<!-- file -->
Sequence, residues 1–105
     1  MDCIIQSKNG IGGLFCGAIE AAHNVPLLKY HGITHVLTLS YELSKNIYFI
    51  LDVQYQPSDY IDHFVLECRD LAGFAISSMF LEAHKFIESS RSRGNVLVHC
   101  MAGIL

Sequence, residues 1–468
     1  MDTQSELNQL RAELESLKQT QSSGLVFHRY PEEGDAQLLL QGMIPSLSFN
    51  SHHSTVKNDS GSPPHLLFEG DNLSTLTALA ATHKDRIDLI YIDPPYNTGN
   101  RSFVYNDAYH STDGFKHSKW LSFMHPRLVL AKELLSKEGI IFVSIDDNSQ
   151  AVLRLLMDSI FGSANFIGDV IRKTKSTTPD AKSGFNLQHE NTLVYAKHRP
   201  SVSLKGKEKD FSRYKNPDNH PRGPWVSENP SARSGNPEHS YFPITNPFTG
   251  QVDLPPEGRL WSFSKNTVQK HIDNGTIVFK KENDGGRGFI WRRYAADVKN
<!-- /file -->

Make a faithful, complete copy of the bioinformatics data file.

Sequence, residues 1–105
     1  MDCIIQSKNG IGGLFCGAIE AAHNVPLLKY HGITHVLTLS YELSKNIYFI
    51  LDVQYQPSDY IDHFVLECRD LAGFAISSMF LEAHKFIESS RSRGNVLVHC
   101  MAGIL

Sequence, residues 1–468
     1  MDTQSELNQL RAELESLKQT QSSGLVFHRY PEEGDAQLLL QGMIPSLSFN
    51  SHHSTVKNDS GSPPHLLFEG DNLSTLTALA ATHKDRIDLI YIDPPYNTGN
   101  RSFVYNDAYH STDGFKHSKW LSFMHPRLVL AKELLSKEGI IFVSIDDNSQ
   151  AVLRLLMDSI FGSANFIGDV IRKTKSTTPD AKSGFNLQHE NTLVYAKHRP
   201  SVSLKGKEKD FSRYKNPDNH PRGPWVSENP SARSGNPEHS YFPITNPFTG
   251  QVDLPPEGRL WSFSKNTVQK HIDNGTIVFK KENDGGRGFI WRRYAADVKN